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Wood council pushes for taller buildings

By: Jonathan Migneault - Sudbury Northern Life

 | Jun 18, 2014 - 5:58 PM |
The Canadian Wood Council has argued  the province should allow for wood-framed buildings to be built up to six storeys. Wood-framed buildings in Ontario and currently limited to four storeys. File photo.

The Canadian Wood Council has argued the province should allow for wood-framed buildings to be built up to six storeys. Wood-framed buildings in Ontario and currently limited to four storeys. File photo.

Ontario wood-framed buildings limited to four storeys

Ontario lags behind other provinces, such as British Columbia and Quebec, when it comes to building higher density, wood-framed buildings, says the Canadian Wood Council.

Steven Street, technical director of WoodWORKS! Ontario, a Canadian Wood Council campaign meant to increase the use of wood in commercial, industrial and institutional construction in North America, was in Sudbury to discuss the possibilities for mid-rise construction with wood products.

A mid-rise building is generally between five and 10 storeys.

In Ontario, wood-framed buildings cannot be taller than four storeys, but B.C. and Quebec both allow them to be up to six storeys.

B.C. amended its building code in 2009 to allow for taller timber-based buildings, while Quebec made the change in 2013.

Street said wood buildings are the best option to build sustainable and affordable high density housing in Ontario – wood-framed buildings can cost up to 20 per cent less than steel and concrete buildings of the same size.

“The population growth is definitely going to happen,” Street said. “You have to give people affordable housing options.”

Ontario’s population is projected to rise more than 36 per cent by 2036, with most growth expected to occur in the Golden Horseshoe region of southern Ontario.

Street said municipalities in southern Ontario will be under mounting pressure to infill their urban cores with a mix of new and affordable housing.

For many jurisdictions, he said, mid-rise buildings meet high density housing needs without radically changing the character of a neighbourhood. And for those buildings – six storeys or less – wood frames are the way to go.

In other jurisdictions – mostly in Europe – new techniques and building materials have allowed architects and engineers to design wood-framed buildings that rise above 10 storeys.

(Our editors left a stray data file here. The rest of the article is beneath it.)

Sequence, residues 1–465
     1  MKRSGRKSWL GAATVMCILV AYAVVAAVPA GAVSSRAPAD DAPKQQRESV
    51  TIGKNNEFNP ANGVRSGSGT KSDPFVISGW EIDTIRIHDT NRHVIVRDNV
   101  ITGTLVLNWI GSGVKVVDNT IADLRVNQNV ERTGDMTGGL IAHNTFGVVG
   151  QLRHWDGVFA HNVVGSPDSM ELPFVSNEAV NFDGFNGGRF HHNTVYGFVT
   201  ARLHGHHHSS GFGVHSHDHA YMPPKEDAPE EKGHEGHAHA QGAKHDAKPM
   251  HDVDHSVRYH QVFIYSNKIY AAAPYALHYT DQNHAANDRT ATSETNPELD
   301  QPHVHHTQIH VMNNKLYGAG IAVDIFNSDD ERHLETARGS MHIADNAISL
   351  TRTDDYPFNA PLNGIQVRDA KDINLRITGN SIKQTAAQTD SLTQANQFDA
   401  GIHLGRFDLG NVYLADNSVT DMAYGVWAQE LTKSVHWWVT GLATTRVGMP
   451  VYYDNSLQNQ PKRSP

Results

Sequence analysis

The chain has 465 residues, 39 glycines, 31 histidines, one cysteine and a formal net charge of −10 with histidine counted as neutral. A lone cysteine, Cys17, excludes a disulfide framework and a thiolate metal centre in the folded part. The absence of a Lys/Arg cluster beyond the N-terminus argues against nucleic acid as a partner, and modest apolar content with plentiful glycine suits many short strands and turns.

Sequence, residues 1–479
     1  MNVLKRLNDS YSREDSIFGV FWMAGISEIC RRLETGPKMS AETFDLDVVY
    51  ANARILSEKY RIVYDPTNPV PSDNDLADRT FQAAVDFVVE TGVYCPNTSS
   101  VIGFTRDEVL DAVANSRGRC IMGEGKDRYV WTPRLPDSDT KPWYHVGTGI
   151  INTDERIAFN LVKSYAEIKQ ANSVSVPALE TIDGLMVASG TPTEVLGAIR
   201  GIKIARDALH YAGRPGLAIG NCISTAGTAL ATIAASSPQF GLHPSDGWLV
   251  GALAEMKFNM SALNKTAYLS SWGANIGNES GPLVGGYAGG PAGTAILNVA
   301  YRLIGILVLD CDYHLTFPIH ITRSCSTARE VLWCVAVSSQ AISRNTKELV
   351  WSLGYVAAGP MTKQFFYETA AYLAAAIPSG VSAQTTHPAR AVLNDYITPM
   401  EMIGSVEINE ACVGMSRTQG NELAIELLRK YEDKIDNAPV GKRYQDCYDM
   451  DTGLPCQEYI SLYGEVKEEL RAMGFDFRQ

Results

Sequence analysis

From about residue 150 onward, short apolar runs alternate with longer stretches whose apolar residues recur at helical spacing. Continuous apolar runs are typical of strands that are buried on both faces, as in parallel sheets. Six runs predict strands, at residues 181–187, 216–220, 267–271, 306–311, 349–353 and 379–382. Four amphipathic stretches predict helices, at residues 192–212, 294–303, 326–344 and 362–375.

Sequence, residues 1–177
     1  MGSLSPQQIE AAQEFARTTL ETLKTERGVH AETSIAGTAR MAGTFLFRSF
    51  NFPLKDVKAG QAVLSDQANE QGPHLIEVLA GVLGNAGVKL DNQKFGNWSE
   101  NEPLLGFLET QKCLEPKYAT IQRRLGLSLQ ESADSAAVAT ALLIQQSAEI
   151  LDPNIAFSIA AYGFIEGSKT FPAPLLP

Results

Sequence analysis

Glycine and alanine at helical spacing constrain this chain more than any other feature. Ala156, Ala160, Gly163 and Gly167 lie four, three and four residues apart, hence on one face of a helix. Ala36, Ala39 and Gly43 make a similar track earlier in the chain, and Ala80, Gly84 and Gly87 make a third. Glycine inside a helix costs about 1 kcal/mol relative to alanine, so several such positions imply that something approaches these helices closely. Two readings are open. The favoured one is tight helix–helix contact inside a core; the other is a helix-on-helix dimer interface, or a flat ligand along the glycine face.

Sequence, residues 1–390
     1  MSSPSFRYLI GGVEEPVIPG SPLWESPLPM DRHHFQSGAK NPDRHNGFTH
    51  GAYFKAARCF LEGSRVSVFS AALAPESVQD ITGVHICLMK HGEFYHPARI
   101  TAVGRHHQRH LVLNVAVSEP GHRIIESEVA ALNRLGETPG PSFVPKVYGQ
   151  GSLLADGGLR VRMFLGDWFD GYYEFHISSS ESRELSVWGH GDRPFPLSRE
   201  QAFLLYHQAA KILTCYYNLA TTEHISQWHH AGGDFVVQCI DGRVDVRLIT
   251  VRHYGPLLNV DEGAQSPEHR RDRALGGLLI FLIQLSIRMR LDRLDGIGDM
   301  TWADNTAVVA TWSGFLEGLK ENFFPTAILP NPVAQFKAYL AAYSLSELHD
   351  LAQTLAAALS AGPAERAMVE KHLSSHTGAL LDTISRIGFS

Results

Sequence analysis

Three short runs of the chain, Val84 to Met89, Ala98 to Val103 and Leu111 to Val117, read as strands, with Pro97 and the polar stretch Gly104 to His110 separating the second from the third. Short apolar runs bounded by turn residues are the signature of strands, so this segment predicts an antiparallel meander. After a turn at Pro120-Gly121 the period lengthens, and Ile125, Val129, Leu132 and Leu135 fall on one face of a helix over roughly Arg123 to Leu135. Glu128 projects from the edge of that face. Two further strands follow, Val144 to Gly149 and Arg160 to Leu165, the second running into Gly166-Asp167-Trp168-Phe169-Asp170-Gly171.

The Forté building, in Melbourne, Australia is the tallest modern timber building, at just over 10 storeys.

There are plans to build a 14-storey timber building in Norway.

But before Ontarian architects can even contemplate surpassing the 10-storey mark with wood frames, they must take the small steps required to make the jump to six storeys.

Robert Kok, the director of research development at Brockport Home Systems, a Toronto-based construction company that specializes in factory-produced wood panelling, said political uncertainty has held Ontario back from updating its building code to allow for taller wood frames.

Prior to the recent Liberal majority win, Kok said political instability in Ontario has prevented the Ministry of Municipal Affairs and Housing to make the necessary changes to the building code.

He said it is just a matter of time before Ontario joins Quebec and B.C., but added the ministry has not yet hinted as to when it plans to remove its four-storey cap on wood-framed buildings.

The national construction code – for provinces without their own code – is due to be updated with six-storey wood building allowance in 2015.

In addition to the cost advantage of wood-framed buildings, Kok said the use of ready-made wood panels can reduce construction time by two-thirds. A steel and concrete building that might take three months to complete, would take only one month to finish with the panelling technique – which connects the building blocks much like a 3D puzzle.

Kok has dismissed concerns that wood-framed buildings may become more unstable as they get taller. “They're doing it in B.C. with heavier seismic loads,” he said. “There's no reason they can't do it here.”

The other concern he hears from wood construction opponents, said Kok, is on the increased risk of fire.

But he said modern sprinkler systems have proven to be effective at minimizing the risk of fire damage.
Modern wood-framed buildings also use fire-rated assemblies, such as fire-proof drywall, in their construction.

Allowing for taller wood-framed buildings would also help Ontario's ailing forestry sector, which was hit hard by the 2008 recession at the impact it had on the United States' massive housing market.

Because of Ontario's large population – and strong expectations for growth – Kok said the benefits to the province's forestry sector could be greater than they have been in B.C.
 
Jonathan Migneault

Jonathan Migneault

Staff Writer

@jmigneault

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